• Il Marroneto was founded in 1974 by Giuseppe Mori. Along with his contemporaries, Diego Molinari and Gianfranco Soldera, Mori helped establish Montalcino’s potential for world-class wine.
  • Giuseppe’s son, Alessandro, has been one of Montalcino’s staunchest defenders of tradition, employing wild yeast fermentations and long aging in large, neutral wood.
  • The estate’s Madonna delle Grazie cuvée – sourced from a north-facing parcel of 40+-year-old vines – has become one of Italy’s most collectible wines

If there’s a region of Italy where fame and greatness often exist on different planes, it’s Montalcino.

There’s no greater evidence of this than the wild disconnect between the extent to which the Il Marroneto name is worshipped by insiders and the fact that the estate is not at all well-known by the public. Il Marroneto is, after all, the property that Antonio Galloni once called “the single most important yet under-the-radar estate in all of Montalcino.”

Among American critics, Galloni is not alone in his assessment. Though not yet a household name, the estate’s Madonna delle Grazie has, since 2010, been arguably Montalcino’s single greatest wine—receiving more 98-, 99- and 100-point ratings from Vinous, Wine Advocate and Kerin O’Keefe than its next three closest competitors combined.

In fact, it is hard to argue that anyone’s stratospherically priced Riserva can match what Il Marroneto has accomplished with Madonna delle Grazie since 2010.

As for Il Marroneto flying under the radar, that's about to end. With utterly singular wines that transcend variety and appellation, Il Marroneto is finally parlaying its elite status in Italy into a global market following.

The Estate

Il Marroneto was founded in 1974 by Giuseppe Mori on the cool, steep slopes just north of Montalcino, the sector that boasts many of the region’s most elegant Brunellos.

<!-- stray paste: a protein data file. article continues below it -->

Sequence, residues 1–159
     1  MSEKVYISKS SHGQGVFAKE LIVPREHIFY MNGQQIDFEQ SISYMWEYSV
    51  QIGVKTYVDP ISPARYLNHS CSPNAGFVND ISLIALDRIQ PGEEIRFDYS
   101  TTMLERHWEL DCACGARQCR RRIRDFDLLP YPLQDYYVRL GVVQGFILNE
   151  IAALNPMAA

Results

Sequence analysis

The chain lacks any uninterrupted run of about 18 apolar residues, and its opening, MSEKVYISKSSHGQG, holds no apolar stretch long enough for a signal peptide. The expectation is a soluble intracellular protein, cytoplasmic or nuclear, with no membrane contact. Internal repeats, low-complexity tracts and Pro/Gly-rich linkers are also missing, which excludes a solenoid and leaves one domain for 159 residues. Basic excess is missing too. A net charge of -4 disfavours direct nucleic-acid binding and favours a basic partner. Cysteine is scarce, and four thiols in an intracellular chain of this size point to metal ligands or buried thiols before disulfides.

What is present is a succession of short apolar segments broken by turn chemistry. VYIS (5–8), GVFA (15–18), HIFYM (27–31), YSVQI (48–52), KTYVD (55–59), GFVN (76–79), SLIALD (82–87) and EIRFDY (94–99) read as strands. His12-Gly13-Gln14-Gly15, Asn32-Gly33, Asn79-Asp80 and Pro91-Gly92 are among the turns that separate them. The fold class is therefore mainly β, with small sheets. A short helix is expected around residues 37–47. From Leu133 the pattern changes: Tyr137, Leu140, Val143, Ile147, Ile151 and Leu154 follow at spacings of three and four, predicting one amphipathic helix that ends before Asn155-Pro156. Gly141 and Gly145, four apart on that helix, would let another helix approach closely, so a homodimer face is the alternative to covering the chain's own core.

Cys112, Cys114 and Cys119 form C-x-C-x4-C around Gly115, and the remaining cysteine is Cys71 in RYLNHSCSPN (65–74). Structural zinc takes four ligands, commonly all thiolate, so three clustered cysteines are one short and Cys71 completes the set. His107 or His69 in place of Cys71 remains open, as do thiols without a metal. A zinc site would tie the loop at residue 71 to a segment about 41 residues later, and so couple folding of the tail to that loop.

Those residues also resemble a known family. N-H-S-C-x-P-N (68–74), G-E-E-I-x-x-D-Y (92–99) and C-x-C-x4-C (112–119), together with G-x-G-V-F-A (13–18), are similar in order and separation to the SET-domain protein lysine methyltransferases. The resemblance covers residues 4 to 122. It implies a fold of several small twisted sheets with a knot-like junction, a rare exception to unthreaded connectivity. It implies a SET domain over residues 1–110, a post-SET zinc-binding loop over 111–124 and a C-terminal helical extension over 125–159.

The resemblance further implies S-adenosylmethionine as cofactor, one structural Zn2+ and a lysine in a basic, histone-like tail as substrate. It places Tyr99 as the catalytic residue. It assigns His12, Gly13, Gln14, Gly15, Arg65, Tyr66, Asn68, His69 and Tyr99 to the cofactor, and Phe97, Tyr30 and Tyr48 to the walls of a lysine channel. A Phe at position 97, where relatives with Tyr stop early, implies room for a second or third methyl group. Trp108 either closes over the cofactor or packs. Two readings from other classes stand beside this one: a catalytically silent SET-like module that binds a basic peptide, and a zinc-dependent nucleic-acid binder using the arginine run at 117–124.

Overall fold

The timing of Il Marroneto’s founding placed Giuseppe firmly in Brunello’s second wave of producers who established estates before the Brunello boom of the 1980s and 1990s. Along with Gianfranco Soldera and Cerbaiona’s Diego Molinari, these pioneers launched their estates despite the pittance that Brunello sold for at the time.

Enchanted by Montalcino’s landscape and the possibility of making great, long-lived wine from it—as pioneers like Biondi-Santi, Barbi and Il Poggione had demonstrated much earlier —they cleared the land and began planting. 

The first Marroneto vines went into the ground on the estate’s steep 400-meter elevation galestro clay and sand slopes in 1975, followed by subsequent plantings in 1977, 1982 and 1983. Giuseppe's son Alessandro joined him in time for the 1980 vintage, the first to be bottled. Long before it was fashionable, Alessandro eschewed the usage of artificial fertilizers, herbicides, or pesticides in his vineyards.

Father and son were aided in their early efforts by two of Montalcino’s legendary names, first Mario Cortevesio and then his best friend, Giulio Gambelli. Giuseppe was close friends with the two “Sangiovese Whisperers,” and he adopted their distinctly traditional philosophies at Il Marroneto.